Study Shows Magnesium Optimizes Vitamin D Status
December 20, 2018
Exercise May Be As Effective As Drugs For Lowering High Blood Pressure
January 4, 2019

New Research Shows Junk Food Diet Raises Risk Of Depression

NEWS

A diet of fast food, cakes and processed meat increases your risk of depression, say researchers at Manchester Metropolitan University in the UK.

COMMENT

A leading cause of ill health and disability, the World Health Organization estimates that more than 300 million people worldwide are now living with depression. Between 2005 and 2015, the number of people suffering from the condition increased by more than 18 percent.

As junk foods are invariably low in essential micronutrients, the first step for anyone diagnosed with depressive disorders should be to ensure they are eating a healthy diet that is rich in vitamins, minerals, and essential fatty acids. Illustrating the benefits of such diets, numerous studies now show that micronutrients are effective in helping to combat depression.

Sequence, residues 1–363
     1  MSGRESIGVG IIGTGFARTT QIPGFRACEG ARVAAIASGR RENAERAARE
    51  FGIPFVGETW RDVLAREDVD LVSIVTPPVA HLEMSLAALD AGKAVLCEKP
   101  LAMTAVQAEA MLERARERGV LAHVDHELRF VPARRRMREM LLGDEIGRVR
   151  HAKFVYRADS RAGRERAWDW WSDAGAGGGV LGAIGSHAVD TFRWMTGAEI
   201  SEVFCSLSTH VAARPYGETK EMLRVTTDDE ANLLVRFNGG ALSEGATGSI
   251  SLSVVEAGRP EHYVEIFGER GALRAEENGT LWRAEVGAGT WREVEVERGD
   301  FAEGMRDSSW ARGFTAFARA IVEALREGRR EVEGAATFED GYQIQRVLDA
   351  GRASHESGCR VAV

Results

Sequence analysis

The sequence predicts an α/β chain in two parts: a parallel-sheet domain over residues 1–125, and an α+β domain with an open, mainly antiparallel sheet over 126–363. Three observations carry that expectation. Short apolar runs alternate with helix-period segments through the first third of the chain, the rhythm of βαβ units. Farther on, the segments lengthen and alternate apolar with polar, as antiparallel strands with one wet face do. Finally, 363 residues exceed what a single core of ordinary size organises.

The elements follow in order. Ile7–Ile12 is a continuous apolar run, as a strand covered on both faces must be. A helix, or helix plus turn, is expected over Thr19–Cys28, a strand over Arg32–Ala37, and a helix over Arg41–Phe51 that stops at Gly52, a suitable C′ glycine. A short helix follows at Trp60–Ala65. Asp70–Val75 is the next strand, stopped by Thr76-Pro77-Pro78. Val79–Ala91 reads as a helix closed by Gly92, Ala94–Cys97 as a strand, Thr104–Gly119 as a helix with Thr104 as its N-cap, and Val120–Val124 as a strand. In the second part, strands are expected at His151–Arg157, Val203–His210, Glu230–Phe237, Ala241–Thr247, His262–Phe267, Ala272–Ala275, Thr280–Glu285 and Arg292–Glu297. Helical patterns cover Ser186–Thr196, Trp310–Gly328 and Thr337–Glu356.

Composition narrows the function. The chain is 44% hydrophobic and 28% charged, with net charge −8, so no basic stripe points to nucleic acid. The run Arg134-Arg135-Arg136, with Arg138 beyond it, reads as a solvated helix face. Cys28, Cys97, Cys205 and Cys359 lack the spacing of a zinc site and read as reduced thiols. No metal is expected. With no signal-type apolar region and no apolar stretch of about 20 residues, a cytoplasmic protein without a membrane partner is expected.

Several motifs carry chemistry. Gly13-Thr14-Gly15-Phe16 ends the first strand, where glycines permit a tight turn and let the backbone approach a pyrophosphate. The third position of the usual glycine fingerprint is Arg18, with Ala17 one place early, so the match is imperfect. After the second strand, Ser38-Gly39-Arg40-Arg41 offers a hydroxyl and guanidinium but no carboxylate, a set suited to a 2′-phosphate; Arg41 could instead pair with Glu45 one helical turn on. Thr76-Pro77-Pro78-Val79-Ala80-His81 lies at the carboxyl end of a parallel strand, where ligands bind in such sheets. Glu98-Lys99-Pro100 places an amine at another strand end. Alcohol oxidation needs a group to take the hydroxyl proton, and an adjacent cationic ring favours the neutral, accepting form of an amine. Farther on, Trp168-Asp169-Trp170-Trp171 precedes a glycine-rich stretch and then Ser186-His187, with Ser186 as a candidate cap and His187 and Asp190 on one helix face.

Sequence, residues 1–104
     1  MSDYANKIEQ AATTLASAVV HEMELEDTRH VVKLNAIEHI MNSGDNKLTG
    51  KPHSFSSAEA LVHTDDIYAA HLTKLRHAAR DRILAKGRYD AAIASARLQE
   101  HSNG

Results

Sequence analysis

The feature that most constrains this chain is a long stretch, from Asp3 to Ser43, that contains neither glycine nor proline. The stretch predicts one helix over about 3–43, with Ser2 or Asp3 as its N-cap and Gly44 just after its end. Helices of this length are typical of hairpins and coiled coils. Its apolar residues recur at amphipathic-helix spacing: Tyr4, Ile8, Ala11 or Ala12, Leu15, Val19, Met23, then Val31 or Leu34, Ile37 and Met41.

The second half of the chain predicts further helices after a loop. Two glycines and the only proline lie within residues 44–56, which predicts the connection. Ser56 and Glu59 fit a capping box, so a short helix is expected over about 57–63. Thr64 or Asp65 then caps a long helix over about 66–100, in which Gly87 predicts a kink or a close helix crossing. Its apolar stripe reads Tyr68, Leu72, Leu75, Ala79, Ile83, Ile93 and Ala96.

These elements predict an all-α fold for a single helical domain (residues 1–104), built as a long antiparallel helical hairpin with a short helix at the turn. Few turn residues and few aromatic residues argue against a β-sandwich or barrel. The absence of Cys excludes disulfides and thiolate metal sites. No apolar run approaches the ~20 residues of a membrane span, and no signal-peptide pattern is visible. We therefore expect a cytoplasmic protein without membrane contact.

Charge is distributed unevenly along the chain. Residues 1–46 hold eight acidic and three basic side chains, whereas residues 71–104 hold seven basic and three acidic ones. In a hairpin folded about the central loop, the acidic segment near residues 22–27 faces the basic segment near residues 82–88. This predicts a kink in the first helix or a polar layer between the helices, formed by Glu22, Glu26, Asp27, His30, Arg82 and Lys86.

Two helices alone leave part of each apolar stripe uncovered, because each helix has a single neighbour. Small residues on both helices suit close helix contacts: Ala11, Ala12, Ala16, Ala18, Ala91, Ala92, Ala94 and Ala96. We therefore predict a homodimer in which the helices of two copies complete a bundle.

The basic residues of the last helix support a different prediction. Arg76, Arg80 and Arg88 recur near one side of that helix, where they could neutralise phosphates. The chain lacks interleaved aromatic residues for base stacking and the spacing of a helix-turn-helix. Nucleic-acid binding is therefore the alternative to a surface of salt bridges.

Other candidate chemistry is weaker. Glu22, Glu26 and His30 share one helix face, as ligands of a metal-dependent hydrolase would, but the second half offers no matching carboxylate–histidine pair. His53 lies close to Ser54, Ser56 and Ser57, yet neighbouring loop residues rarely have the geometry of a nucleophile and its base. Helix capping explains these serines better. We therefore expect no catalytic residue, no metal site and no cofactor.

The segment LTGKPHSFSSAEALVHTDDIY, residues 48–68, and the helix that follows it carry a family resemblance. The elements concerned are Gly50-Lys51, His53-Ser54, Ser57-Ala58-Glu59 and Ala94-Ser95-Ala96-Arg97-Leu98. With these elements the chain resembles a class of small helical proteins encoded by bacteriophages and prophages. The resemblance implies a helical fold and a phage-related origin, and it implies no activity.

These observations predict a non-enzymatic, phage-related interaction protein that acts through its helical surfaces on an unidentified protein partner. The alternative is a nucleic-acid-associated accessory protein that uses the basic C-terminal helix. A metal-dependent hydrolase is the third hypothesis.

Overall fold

meta-analysis published in 2016 looked at 13 studies involving 1,233 participants and found that supplementation with omega-3 fatty acids can help reduce symptoms of even major depressive disorder.

Other research has found evidence linking a deficiency of B vitamins with depression. A scientific review published in 2017 noted that low levels of B vitamins are common in the condition and that supplementation with these nutrients has been shown to improve depression outcomes.

Similarly, a clinical trial published in 2017 showed that magnesium supplements are effective in the treatment of mild-to-moderate depression. Finding that daily supplementation with magnesium leads to a significant decrease in depression and anxiety symptoms, and that it works quickly and is well tolerated, the study concluded that magnesium may be a safe over-the-counter alternative to antidepressant drugs.

To read about research showing how a vitamin-rich Mediterranean-style diet may help prevent depression, read this article on our website.

Read article at medicalxpress.com
English